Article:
Then we have fiction. Fiction is very hard to do. Most of the articles in this drop were written across five days, four of which were also work days. They may be a bit higher in grammatical mistakes and typos than a normal article, but if these were being done for professional publication, an editor would address that. All together, they total somewhere around 40,000 words. And, to be totally honest, if I had had taken the week off work, I could have probably written twice as much without a problem. Do you want to know what my weekly target is for writing fiction? 3000 words. That’s it. And it’s hard. Articles though? I can do a full day’s work, cook dinner, talk to my wife for a bit, and then just sit down and write 4,000 words with relative ease. And, at the end of that, I’m just stopping because there’s something else I want to do. If I wanted to write more, I could. With fiction, I need to focus so much more. That means that getting into a mental state where I feel like I can write something worthwhile is hard if work sucked. But, even when it’s been a relaxing day, the amount of mental effort that it takes me to compose fiction is so much more taxing. When it comes to writing essays, I could just go on for as long as I was awake if I felt like it. But with fiction? I get worn out. Sessions wind down with me writing notes to my future self about what she needs to figure out or why everything is bad and she needs to make it better. I feel drained when I finish. Even when I feel like I made good progress, the sensation is akin to doing hard exercise. Like, once you get off the bike after two hours, and you’re like “fuck yeah, I did the sort of thing a healthy person would do!” you’re still wiped out, even if you’re happy you did it. It is hard to write fiction, which makes it seem more deserving of deference to me.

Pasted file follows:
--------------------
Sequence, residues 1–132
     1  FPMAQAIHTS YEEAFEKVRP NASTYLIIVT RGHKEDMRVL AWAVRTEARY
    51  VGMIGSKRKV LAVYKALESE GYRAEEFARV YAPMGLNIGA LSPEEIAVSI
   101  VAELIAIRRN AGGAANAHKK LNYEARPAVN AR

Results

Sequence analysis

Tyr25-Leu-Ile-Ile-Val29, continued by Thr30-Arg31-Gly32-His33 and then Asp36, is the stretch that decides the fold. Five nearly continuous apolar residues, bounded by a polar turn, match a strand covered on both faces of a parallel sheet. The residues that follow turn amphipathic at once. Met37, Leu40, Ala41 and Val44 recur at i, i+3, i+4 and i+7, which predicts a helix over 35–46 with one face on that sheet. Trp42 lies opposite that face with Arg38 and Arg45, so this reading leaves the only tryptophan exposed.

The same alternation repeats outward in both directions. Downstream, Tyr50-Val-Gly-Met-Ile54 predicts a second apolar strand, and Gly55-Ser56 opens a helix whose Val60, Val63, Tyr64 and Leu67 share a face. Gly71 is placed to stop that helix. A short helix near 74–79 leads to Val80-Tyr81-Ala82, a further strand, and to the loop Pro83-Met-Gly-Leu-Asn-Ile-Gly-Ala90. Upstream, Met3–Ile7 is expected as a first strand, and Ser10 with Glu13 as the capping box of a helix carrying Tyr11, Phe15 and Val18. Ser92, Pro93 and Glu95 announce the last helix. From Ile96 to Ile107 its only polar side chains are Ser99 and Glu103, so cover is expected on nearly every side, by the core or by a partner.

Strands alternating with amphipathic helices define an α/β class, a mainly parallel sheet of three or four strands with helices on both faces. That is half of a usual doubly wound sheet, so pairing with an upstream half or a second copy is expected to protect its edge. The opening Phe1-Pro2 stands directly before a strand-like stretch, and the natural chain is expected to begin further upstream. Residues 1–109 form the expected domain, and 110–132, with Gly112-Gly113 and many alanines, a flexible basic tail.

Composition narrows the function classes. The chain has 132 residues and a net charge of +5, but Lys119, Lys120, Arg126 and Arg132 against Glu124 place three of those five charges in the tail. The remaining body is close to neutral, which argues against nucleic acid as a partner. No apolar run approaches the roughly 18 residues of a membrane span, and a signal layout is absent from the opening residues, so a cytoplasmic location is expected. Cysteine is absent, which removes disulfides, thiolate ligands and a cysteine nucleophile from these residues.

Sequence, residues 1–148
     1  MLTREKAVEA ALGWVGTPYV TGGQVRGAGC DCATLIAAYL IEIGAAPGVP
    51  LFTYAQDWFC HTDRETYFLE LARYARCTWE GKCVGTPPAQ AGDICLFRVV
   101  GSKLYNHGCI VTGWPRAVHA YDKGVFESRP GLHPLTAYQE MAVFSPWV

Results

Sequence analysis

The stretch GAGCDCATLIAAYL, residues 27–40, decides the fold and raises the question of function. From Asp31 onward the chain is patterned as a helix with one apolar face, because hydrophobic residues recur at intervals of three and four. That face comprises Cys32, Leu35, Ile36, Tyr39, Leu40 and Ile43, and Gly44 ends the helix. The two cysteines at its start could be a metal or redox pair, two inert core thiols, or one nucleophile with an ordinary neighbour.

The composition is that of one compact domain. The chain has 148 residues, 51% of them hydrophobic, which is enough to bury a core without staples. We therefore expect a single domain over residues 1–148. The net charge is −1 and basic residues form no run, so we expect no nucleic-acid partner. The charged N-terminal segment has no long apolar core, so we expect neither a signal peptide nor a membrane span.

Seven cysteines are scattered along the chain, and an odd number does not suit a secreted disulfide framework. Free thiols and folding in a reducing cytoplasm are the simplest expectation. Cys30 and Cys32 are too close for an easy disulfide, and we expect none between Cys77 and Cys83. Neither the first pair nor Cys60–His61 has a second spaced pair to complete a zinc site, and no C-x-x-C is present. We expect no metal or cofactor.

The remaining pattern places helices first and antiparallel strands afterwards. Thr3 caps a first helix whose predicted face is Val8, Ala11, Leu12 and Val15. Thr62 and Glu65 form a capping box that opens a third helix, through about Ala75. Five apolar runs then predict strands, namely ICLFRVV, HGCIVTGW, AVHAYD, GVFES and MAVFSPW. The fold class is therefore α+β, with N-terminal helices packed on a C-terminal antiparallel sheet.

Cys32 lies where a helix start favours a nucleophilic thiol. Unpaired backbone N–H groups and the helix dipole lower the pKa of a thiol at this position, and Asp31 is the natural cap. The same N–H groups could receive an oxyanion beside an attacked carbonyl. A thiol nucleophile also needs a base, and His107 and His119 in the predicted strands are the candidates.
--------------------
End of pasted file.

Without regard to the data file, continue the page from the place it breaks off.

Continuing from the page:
Beyond my own writing practices, there’s just my relationship with media in general. I don’t really believe in the sacred; I’ve never been religious. I’m not particularly deferential; from a very early age, I’ve always had a pretty healthy distrust for authority. But, if there is something I revere, I think it’s stories. Like, guys, I really fucking love them. I’ve even got rituals around them –The audio book of This is How You Lose the Time War fits perfectly in the time it takes me to drive from New York to Boston, and I listen to it in one direction or the other any time I make the back and forth trip solo. The local art theater seems to sneak Only Lovers Left Alive into its screening schedule every year, and I always go. I’ll never miss a chance to sit in front a giant screen while that film creates this moody, sad, but beautiful world that we see it through the eyes of this immortal couple, who so cherish the things of great beauty that humanity has produced while also just being submerged in this sense that it’s all headed downhill. And, the anchor for it all is their uncynical and enduring love for each other. Fuck, that film is so good. I’m not even a snob –OK, I just re-read those last two example. I am definitely a snob, but not all the time. When my wife is out of town on a trip, I go on a manic housecleaning spree and binge romance novels. She just got back from a week in California and I read four while she was gone. Four. Stories, and art generally, really matter to me, and I have tremendous empathy for anyone attempting to create art.